Social Research Methods

Social Research Methods

Regular price
$79.95
Sale price
$79.95
Regular price
$79.95
Sold out
Unit price
per 
Shipping calculated at checkout.

Author/Contributor(s): Bryman, Alan ; Bell, Edward ; Reck, Jennifer ; Fields, Jessica
Publisher: Oxford University Press, USA
Date: 09/03/2021
Binding: Paperback
Condition: NEW
It's been more than fifty years since Harold Garfinkel created the field of ethnomethodology--a discipline that offers a new way of understanding how people make sense of their everyday world. Since his book Studies in Ethnomethodology published in 1967, there has been a substantial--although
often subterranean--growth in ethnomethodological (EM) work. Studies in and appreciation of ethnomethodological work continue to grow, but the breadth and penetration of his insights and inspiration for ongoing research have yet to secure their full measure of recognition.

This volume celebrates Harold Garfinkel's enormous contributions to sociology and conversation analysis, exploring how ethnomethodology emerged, the empirical consequences of Garfinkel's work, and the significant contemporary work that has resulted from it. Douglas W. Maynard and John Heritage bring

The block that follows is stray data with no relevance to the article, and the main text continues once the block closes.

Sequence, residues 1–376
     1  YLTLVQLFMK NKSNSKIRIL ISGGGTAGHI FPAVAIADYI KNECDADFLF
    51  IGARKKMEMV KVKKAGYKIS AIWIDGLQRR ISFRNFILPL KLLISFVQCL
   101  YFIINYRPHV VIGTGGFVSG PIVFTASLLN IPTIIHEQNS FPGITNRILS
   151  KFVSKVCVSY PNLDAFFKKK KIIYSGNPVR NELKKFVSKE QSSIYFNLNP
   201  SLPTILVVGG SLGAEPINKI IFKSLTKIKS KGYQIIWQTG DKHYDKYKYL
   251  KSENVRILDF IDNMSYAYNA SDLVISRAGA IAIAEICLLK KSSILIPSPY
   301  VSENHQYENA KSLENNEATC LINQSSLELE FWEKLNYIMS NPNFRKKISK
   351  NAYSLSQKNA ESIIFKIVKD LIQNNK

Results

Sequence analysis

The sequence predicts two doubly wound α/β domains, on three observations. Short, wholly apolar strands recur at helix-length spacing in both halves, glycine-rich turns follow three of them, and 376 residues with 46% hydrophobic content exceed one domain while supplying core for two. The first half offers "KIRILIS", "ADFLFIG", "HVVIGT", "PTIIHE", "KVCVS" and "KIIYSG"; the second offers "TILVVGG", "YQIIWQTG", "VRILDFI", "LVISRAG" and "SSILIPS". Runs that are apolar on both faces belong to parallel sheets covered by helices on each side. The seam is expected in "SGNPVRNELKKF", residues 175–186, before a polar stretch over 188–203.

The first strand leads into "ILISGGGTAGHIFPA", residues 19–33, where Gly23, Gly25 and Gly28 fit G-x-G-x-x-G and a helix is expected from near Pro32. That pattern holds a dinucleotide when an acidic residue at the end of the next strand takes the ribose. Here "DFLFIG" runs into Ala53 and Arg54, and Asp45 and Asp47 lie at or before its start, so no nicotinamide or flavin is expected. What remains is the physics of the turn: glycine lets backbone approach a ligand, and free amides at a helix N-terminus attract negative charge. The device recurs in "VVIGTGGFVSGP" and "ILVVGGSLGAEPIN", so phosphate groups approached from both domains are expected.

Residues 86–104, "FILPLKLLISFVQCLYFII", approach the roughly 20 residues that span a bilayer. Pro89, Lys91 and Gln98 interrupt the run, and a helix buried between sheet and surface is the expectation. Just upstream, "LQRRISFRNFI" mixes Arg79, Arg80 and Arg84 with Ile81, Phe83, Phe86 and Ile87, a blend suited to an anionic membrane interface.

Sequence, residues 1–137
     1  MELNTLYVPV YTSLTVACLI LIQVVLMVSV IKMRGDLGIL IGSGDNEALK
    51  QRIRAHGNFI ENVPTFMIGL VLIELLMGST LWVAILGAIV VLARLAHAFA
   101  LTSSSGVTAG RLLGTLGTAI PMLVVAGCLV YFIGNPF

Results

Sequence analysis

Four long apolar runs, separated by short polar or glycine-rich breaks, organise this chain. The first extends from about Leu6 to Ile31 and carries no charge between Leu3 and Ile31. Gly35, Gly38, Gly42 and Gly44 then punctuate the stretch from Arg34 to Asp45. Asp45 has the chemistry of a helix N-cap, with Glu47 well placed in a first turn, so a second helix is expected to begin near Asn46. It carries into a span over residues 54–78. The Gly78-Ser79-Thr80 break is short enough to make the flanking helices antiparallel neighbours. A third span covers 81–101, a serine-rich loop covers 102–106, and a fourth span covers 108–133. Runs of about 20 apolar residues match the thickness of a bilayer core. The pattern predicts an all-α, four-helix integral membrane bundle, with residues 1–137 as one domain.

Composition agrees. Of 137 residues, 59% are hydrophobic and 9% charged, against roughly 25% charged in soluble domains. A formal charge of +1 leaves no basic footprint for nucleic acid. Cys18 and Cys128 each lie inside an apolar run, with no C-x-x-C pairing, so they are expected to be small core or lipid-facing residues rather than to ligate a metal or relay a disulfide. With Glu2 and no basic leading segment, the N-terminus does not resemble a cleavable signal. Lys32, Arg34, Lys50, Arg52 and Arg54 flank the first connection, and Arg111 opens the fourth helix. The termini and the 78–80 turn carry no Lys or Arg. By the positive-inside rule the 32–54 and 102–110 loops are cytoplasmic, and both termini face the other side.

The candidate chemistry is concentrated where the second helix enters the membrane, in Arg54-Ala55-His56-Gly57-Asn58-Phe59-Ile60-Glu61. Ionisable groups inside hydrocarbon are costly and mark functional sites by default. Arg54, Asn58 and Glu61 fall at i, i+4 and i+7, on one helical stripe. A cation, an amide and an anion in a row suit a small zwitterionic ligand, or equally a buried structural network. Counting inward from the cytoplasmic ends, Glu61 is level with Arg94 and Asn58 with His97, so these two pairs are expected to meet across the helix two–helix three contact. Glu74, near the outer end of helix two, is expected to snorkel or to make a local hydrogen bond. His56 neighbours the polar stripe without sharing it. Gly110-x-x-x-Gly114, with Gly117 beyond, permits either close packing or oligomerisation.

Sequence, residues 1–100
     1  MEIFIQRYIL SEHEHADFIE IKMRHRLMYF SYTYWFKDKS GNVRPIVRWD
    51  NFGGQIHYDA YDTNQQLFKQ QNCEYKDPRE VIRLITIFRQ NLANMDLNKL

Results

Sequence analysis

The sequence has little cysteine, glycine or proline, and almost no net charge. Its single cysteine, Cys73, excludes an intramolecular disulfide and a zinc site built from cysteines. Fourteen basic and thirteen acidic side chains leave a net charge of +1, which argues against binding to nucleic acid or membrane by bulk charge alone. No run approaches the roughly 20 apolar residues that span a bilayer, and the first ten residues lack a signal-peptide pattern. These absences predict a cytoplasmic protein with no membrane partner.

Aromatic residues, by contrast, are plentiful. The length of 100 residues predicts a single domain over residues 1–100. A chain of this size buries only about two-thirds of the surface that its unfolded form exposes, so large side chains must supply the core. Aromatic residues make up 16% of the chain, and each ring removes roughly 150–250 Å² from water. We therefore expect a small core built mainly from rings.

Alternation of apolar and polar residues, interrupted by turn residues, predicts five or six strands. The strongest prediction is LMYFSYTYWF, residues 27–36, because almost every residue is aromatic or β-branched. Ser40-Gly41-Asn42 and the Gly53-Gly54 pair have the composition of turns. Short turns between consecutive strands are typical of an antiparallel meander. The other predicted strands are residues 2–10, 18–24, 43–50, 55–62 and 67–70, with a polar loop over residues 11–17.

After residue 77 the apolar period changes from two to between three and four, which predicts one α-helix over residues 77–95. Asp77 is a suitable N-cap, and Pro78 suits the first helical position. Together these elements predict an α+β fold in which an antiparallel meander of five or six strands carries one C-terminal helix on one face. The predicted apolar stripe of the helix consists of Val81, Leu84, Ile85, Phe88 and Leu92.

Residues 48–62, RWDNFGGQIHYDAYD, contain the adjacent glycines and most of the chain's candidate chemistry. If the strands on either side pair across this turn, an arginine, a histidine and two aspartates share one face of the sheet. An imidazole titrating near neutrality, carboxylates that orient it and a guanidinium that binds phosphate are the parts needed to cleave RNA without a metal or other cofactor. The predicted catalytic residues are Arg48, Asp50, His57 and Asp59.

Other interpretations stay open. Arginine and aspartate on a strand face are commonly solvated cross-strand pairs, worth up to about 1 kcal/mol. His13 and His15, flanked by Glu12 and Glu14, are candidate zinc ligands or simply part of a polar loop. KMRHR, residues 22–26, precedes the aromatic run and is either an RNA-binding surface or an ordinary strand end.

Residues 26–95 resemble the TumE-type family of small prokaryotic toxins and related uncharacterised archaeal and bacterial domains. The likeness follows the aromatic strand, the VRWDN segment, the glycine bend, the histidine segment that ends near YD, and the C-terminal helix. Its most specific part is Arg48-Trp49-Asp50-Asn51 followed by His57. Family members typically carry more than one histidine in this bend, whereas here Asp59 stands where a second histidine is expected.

together experts from a wide range of theoretical and empirical areas to create the first comprehensive collection of work on EM that encompasses its role in studies of work, in Conversation Analysis, and in other subdisciplines. Chapters highlight ethnomethodology's distinctive forms of
ethnographic inquiry and its influences on a host of substantive domains including legal environments, science and technology, workplace and organizational inquiries, survey research, social problems and deviance, and disability and atypical interaction. The book explains how EM especially helped to
set the agenda for gender studies, while also developing insights for inquiries into racial and ethnic features of everyday life and experience.

Still, there is much of what Garfinkel called unfinished business, which means that ethnomethodological inquiries are continuing to intensify and develop. Harold Garfinkel and Ethnomethodology ddresses this unfinished business: not only drawing attention to past accomplishments in the field, but
also suggesting how these accomplishments set the stage for future endeavors that will benefit from EM-inspired approaches to social organization and interaction.